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NH90 Initial Qualification; Beauvechain, May 20, 2015

The THPU 2015, part 1; Text and Photograph's by Alex van Noye

After the contract for the procurement of the NH90 was signed in late 2007, the NH90 helicopters have now all been delivered during 2014 and 2015. The first crews of the helicopters are now in the conversion training from the A-109 to the NH90. This training consisted of some necessary trainings and qualifications.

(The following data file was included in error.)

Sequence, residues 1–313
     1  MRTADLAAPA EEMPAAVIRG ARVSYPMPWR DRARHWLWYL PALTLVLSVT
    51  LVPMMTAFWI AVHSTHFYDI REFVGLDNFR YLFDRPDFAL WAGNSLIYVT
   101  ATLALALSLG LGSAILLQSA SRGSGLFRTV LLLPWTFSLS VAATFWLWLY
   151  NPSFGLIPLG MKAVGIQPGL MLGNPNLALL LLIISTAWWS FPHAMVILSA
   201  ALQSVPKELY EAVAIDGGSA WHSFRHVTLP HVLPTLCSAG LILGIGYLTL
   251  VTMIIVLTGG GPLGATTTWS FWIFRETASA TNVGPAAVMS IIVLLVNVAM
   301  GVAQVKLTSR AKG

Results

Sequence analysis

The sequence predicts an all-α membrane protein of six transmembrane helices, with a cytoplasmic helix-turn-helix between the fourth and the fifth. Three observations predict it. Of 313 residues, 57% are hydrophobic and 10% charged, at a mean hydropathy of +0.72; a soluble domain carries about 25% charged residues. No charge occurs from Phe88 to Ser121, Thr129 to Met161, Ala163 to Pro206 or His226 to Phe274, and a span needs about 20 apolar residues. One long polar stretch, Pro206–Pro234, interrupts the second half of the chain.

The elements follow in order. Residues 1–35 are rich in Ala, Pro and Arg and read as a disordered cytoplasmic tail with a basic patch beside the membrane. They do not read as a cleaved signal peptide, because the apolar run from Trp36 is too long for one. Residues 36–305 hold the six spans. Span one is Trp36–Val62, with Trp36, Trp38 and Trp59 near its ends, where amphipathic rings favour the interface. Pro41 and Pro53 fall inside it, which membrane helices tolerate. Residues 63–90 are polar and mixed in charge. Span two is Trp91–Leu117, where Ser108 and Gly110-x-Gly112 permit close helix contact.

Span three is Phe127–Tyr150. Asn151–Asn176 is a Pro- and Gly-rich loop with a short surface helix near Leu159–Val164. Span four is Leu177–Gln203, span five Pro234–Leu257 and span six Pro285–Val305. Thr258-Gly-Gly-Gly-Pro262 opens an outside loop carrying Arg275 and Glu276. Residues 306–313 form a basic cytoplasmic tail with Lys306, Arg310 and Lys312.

The latest purchase of the Belgian Air Force is the NH90 medium transport helicopter. Belgium signed the contract for the purchase of the NH90 multirole helicopters on June 18, 2007. The Belgian Defense bought a total of eight helicopters in two versions. Four machines are helicopters of the type NH90 TTH (Troop Transport Helicopter) for tactical transport tasks. The four TTH helicopters will complement the Augusta A-109 fleet at Beauvechain for the tasks performed by the Army. In addition, the Belgian Defense has purchased four NH90 NFH (Naval Frigate Helicopter) helicopters. These helicopters will be stationed at Koksijde Air Base. The last helicopter of the type NFH was delivered to the Belgian Air Component in the spring of 2015. The NH90 NFH can be deployed on frigates and is recognizable by its gray color scheme and the radome under the fuselage. The four NFH variants will replace the outdated Sea-Kings at Koksijde Air Base. The Sea-King fulfilled the SAR task for more than 40 years and is now strongly outdated. The Sea-King will remain in use until 2016 at the Belgian Air Force, because the NH90s are currently undergoing the qualifications to take over the SAR task. Only since 2014, the Belgian air component received its first NH90 heli- copters. The NH90 helicopters will be maintained at Beauvechain Air Base, because maintenance of the helicopters will be centrally organized on this basis.